The rule "women and children first" is not followed any more.
Wikipedia notes that it "has no basis in maritime law."
It was practiced in the 19th and early 20th centuries. It became well-known because of two specific disasters, the HMS Birkenhead in 1852 and the Titanic in 1912. Wikipedia says modern practice is to help the most vulnerable first--those least able to help themselves, which often will be the injured, the elderly, and small children.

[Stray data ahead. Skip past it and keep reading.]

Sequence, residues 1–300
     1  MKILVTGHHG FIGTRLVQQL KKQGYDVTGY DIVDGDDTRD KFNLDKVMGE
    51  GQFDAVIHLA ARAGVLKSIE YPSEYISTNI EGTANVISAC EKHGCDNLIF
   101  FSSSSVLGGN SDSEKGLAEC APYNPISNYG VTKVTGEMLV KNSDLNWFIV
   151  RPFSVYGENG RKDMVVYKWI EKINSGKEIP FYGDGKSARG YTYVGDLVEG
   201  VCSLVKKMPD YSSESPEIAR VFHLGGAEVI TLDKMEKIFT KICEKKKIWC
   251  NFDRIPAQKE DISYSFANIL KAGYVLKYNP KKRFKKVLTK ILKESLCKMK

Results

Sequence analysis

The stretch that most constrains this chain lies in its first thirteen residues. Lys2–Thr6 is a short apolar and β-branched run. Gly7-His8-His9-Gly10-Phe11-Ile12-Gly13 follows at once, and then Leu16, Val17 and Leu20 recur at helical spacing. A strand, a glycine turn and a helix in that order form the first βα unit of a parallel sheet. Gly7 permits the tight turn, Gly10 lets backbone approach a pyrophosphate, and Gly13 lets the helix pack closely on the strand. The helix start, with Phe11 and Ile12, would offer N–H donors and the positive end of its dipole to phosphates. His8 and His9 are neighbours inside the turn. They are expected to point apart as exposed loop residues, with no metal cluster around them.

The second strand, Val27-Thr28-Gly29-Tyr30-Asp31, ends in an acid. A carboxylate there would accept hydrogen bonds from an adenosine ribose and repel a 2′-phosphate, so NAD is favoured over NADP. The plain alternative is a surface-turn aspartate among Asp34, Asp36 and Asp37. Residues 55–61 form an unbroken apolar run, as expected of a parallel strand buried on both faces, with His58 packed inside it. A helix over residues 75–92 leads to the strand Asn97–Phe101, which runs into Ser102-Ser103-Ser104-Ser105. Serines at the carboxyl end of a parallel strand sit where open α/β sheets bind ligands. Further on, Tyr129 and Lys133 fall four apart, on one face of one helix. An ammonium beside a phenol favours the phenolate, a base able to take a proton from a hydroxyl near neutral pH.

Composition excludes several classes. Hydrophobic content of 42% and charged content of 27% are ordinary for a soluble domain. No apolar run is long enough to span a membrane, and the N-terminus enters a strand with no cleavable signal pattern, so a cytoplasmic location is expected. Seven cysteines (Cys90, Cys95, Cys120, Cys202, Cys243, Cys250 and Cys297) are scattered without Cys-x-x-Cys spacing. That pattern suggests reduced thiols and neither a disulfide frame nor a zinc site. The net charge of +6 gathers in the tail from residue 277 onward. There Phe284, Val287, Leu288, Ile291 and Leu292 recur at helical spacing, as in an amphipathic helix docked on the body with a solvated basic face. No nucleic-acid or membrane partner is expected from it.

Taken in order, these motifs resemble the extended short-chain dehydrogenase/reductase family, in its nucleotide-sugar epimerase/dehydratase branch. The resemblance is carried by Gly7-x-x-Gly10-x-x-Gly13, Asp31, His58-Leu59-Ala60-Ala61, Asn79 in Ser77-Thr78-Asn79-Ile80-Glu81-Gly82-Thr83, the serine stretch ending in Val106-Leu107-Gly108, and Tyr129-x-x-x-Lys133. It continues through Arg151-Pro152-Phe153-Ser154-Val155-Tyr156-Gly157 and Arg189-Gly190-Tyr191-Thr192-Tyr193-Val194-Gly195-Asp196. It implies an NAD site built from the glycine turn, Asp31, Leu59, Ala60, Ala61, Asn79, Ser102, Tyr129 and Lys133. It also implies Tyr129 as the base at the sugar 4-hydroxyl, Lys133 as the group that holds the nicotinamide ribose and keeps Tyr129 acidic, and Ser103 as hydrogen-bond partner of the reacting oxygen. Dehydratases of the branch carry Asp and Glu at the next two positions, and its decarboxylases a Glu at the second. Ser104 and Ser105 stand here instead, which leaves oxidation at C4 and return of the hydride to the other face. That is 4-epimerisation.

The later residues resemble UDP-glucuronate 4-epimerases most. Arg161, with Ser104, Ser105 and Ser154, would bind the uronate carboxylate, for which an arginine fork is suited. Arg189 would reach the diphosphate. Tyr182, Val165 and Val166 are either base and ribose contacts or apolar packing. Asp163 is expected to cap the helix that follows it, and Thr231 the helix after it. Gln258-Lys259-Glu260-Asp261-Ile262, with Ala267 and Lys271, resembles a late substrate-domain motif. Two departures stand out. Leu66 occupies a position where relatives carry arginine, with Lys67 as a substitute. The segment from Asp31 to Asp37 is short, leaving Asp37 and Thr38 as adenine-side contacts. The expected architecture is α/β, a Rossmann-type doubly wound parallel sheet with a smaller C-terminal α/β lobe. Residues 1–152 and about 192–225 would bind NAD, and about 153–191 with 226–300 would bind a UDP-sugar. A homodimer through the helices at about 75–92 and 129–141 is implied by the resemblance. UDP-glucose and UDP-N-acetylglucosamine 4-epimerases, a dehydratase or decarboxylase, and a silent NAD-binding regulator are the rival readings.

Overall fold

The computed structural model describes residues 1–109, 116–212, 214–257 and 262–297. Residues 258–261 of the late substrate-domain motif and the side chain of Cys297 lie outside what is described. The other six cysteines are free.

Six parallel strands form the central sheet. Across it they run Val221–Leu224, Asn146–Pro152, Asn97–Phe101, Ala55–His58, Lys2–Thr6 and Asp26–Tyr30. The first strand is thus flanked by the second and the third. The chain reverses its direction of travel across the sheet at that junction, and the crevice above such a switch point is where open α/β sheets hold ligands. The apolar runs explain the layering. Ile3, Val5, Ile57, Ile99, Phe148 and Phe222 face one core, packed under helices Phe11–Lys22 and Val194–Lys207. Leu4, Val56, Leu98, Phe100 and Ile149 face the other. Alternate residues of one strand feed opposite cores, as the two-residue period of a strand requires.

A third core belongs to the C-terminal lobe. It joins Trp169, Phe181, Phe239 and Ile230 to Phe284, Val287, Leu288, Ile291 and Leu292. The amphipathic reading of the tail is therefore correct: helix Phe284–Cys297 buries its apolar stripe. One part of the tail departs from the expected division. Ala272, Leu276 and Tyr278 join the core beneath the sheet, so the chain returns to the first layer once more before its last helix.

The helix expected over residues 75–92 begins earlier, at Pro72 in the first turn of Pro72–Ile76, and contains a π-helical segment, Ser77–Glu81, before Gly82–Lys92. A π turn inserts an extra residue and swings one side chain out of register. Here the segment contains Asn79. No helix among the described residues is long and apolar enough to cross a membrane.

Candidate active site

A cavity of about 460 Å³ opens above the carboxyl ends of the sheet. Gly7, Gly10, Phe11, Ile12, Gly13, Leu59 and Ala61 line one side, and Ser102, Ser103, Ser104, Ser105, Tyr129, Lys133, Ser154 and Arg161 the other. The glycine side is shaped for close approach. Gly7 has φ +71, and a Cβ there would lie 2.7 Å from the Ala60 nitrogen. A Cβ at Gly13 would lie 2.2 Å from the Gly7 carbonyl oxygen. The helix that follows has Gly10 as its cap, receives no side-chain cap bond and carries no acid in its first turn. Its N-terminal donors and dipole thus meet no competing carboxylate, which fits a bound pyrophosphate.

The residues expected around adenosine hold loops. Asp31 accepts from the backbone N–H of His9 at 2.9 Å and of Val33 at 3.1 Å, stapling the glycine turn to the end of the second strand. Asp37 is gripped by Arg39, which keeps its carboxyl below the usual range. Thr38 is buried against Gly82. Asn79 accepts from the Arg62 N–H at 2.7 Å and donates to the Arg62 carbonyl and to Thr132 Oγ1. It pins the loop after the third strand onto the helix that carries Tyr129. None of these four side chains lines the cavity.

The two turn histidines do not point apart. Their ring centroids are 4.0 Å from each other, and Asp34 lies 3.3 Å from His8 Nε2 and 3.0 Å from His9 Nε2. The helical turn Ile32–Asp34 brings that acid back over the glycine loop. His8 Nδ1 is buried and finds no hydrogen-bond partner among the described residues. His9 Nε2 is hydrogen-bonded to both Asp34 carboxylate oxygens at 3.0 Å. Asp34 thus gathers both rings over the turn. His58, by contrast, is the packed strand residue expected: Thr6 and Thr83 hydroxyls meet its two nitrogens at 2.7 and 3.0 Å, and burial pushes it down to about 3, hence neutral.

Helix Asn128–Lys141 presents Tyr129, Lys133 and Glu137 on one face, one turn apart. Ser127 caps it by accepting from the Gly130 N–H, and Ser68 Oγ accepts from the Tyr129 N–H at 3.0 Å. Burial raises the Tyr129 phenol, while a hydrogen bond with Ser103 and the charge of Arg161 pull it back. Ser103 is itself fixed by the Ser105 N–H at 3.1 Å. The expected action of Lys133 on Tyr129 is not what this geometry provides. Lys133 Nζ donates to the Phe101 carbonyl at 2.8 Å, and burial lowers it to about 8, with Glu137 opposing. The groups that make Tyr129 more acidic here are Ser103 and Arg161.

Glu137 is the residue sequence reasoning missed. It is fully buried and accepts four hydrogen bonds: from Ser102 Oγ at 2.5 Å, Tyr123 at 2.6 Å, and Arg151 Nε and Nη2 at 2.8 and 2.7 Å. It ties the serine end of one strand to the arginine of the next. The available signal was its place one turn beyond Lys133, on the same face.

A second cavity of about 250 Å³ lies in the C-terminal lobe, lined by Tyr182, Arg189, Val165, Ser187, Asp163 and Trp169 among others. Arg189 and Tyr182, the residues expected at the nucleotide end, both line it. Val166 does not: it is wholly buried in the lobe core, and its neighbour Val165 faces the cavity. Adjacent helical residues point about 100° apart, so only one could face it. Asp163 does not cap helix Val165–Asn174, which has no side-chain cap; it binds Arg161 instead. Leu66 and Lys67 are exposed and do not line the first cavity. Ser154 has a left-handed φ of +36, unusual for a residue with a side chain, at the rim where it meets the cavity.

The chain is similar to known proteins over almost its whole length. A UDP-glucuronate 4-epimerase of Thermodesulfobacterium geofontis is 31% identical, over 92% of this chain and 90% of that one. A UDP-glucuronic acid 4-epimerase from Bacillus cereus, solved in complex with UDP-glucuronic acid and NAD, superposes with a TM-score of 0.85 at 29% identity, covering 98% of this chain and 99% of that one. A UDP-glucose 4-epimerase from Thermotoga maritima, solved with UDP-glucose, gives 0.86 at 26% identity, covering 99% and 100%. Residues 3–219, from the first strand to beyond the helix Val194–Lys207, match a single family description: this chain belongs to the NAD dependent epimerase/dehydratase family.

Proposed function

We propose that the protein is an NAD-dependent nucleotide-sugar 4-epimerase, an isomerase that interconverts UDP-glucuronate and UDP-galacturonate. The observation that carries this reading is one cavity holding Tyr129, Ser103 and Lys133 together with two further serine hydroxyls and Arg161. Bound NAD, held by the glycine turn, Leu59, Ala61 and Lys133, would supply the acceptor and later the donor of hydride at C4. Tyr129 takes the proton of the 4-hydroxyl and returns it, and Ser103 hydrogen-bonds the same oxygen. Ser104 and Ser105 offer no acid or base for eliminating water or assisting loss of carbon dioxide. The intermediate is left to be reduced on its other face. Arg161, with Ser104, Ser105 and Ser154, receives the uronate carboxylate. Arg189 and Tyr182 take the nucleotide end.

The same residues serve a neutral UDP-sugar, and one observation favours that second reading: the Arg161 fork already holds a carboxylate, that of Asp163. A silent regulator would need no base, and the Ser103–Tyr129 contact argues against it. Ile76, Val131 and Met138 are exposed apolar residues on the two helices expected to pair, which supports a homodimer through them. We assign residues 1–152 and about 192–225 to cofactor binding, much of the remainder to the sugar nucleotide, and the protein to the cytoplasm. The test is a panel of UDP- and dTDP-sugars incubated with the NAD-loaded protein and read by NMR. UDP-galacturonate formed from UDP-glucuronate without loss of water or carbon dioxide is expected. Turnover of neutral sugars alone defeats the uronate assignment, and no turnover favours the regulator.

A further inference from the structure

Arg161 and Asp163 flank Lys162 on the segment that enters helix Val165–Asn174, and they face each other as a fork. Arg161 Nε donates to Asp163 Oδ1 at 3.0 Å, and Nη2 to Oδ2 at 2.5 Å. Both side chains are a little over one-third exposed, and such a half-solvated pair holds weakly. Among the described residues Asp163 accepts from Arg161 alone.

The practice was not an indication that men were considered less valuable. It was actually a reflection of a sexist attitude: women were assumed to be fragile, weaker, less able to help themselves, and needing male protection.
In 1912 ships did not carry enough lifeboats to save everybody, so crew members had to decide who could board. Nowadays they do.
You will probably travel by airplane rather than ocean liner. If you travel by ocean liner and it sinks, there will be enough lifeboats. Crew members will not stop men from boarding. Your survival will depends on many chance factors. "Women and children first" will not be one of those factors.